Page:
Health Team

Dry skin? Try these skin-quenching tips

Posted January 7, 2010 5:30 p.m. EST
Updated January 7, 2010 7:04 p.m. EST

When temperatures drop, skin can get painfully dry. It's not just the cold, dry air outdoors that damages skin. The warm, dry air indoors can also be harmful.

Doctors say the best way to prevent dry winter skin is to moisturize several times a day, especially after bathing, and to apply sunscreen.

"On a winter day, on a cloudy day, even if you’re sitting inside, the ultraviolet radiation comes through the window,” said Dr. Monica Halem with New York Presbyterian Hospital.

For those who want to get tan in the winter, Halem suggests using self-tanning creams or lotions – not tanning salons.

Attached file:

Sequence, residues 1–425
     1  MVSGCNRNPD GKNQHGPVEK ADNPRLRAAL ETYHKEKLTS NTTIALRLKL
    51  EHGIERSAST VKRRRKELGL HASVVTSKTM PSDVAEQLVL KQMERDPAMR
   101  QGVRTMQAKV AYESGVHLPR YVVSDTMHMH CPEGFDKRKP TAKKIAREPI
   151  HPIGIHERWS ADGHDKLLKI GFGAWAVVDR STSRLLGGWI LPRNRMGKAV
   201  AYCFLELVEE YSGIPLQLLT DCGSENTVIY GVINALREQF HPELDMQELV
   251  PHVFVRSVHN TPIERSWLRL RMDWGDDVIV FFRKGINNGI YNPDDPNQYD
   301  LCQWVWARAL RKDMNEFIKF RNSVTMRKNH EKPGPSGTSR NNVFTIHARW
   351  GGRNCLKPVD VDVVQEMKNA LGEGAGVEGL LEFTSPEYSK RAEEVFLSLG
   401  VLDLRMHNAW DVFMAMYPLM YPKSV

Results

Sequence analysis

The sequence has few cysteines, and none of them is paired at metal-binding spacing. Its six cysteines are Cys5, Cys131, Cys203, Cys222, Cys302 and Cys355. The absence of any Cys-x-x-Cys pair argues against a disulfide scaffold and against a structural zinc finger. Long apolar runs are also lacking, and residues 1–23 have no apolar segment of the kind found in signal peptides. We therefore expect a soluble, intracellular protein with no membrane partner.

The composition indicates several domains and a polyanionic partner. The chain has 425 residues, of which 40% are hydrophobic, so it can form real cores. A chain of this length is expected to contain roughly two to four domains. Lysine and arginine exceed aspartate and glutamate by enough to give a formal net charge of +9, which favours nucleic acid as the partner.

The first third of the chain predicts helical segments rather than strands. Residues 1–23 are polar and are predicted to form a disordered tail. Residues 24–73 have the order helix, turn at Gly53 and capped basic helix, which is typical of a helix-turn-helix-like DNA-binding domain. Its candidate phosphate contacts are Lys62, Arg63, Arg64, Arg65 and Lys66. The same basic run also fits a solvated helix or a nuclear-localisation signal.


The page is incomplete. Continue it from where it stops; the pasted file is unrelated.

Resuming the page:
“Stay out of the tanning bed. It is the worst thing for your skin,” she said.

When it's bitter cold, many people pull out the winter hat and gloves. But some fabrics, like wool, can irritate dry skin.

“In the winter, things that wouldn't bother you in the summer will,” Halem said. “For example, wool and fragrance things that just make your skin more sensitive.”

People with dry skin should also limit their use of hot water and soap and keep their humidifiers going. Skin needs vitamin D all year long, but it's especially important during the cold months.

“If you want to make sure you're getting enough, you may consider vitamin D supplement,” said WRAL Health Team Physician Dr. Allen Mask. “Also, some moisturizing lotions are better than others. Look on the label for lactic acid and alpha-hydroxy acid. Another very important thing for your skin (is to) drink plenty of water.”